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Peter.Hunsberger@stjude.org (Hunsberger, Peter) writes:
>Although I can understand this vision and even buy into some of it I
>wonder how close it is?
It's not close. The vast majority of people are going down the "we need
prior agreement on all semantics" path. I translate that as "we need
information totalitarianism", but it's painfully common.
> We spend a lot of time here trying to get
>agreement on what the business rules are around a given piece of
>information. We iterate over those definitions until we think we've
>got them right and we formally document everything. We then
>automatically generate metadata from the business rules documentation.
> From the metadata we generate schema. What we don't do is arrive at
>these business rules by bouncing data around until we get it right and
>frankly I don't see how we could.
"Bouncing data around" is, of course, how business rules emerged in the
human world. When I was a sales assistant, if I got a fax I didn't
understand, I took it to my boss or to the warehouse or whoever I needed
to talk with about how to handle it, and learned from that experience.
>One might be tempted to say that's
>because we're doing research and the common ground has yet to be
>invented. I don't think that's the case; surgery or chemotherapy might
>have lots of variations, but at the level we're documenting them it's
>basically things like is it a date or a datetime?, use a Snomed code to
>capture the procedure, and a Snomed code to capture the location,
I think the basic problem comes from where this all started. Computers
used to be incredibly expensive creatures, and the rule has always been
to give the computer problems in terms that it understands. Human
intervention, except for explicitly interactive tasks, has pretty
consistently been shunned. In general, the idea has been to put as much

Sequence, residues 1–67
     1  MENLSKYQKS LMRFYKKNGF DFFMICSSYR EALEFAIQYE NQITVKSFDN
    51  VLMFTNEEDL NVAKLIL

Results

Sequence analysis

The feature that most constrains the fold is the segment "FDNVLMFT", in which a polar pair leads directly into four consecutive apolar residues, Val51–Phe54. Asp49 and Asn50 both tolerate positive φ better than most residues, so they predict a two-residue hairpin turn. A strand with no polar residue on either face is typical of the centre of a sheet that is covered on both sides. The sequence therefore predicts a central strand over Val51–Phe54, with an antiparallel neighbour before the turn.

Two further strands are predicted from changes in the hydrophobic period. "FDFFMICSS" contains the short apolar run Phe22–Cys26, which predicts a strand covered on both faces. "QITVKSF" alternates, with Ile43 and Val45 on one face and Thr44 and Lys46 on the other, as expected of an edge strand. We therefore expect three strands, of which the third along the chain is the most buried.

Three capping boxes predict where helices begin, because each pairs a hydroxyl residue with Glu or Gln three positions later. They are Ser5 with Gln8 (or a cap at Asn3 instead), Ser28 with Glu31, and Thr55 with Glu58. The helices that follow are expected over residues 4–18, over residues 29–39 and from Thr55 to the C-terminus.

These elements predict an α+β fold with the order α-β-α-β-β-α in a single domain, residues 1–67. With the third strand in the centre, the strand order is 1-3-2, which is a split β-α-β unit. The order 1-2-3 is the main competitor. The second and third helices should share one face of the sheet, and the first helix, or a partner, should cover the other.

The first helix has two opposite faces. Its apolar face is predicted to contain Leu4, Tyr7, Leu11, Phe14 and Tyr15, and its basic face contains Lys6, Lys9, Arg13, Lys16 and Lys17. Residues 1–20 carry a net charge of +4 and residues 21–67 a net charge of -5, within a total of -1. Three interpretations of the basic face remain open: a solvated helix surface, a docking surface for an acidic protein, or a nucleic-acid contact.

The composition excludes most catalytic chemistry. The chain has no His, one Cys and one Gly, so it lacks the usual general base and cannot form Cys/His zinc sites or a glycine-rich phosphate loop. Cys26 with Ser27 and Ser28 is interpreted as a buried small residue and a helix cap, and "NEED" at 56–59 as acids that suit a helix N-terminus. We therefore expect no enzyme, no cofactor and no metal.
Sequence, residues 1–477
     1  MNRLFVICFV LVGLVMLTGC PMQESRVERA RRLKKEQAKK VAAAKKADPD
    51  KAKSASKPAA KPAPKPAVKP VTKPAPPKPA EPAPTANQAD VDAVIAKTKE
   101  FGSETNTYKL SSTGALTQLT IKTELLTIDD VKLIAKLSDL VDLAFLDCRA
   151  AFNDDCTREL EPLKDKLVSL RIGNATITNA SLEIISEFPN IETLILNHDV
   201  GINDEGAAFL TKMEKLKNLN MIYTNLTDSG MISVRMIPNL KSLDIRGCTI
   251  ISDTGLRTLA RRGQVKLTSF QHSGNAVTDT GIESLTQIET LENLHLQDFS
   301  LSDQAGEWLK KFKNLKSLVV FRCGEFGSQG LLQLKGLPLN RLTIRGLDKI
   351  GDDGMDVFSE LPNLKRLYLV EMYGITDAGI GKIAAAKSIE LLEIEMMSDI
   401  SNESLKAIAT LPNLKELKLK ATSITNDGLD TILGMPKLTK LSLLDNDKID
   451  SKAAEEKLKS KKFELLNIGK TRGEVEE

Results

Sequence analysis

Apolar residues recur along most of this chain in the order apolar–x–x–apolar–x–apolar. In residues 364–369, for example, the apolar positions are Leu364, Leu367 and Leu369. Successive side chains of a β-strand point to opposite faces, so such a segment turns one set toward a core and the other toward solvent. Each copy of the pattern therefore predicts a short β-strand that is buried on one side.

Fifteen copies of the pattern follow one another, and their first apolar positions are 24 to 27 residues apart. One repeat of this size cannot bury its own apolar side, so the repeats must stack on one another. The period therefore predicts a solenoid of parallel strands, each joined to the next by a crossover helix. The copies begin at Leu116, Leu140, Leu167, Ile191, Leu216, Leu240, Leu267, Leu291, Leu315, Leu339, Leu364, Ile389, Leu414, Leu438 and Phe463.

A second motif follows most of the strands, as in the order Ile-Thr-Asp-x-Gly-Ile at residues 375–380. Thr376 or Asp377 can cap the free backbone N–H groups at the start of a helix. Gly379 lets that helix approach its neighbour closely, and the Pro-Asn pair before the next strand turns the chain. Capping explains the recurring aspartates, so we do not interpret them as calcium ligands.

into the computer as possible up front and tinker with it as little as
(This of course feeds into a business case of managers controlling
information flows and using computers to squeeze efficiencies out of
them which aren't possible with salary and benefit-demanding humans. It
sells very well - the only question is how well it works over time.)
>I guess I don't buy into any vision of applications being built bottom
>up by playing with the data. Maybe some day lots of little data
>handling objects will somehow self assemble themselves into
>applications, but that's when I stop and say not time soon.... I'm
>still a top down kind of guy.
And I've argued for years that secretaries know more about office
information than anyone in the company, so I'm obviously coming from a
different perspective. I've actually done this myself, building a
database that did most of my job's menial tasks with minimal
intervention, so I know it's quite possible, but the social milieu isn't
there at present.
>Maybe Joe user can do top down
>development, but that means stepping back and understanding the big
>picture and that's not something that everyone can do. So I think for
>the next couple of years there's still going to be a need for Frank the
>IT guy, or at least Frank the consultant who helps you build some
For a long time, sure. But it's time to start exercising some
imagination and asking what else we can do. Trading pre-defined data is
boring, to put it mildly, and top-down development requires trusting the
top. I don't trust the perspective that people at the the top or
looking from the top of a problem seem to share; I never have.
Frank the IT guy's job is safe. I'd just like to develop systems that
include people beyond Frank the IT guy, people who may not know a lot
about XSLT or C, but do know about the actual subject matter they're
Ring around the content, a pocket full of brackets
Errors, errors, all fall down!
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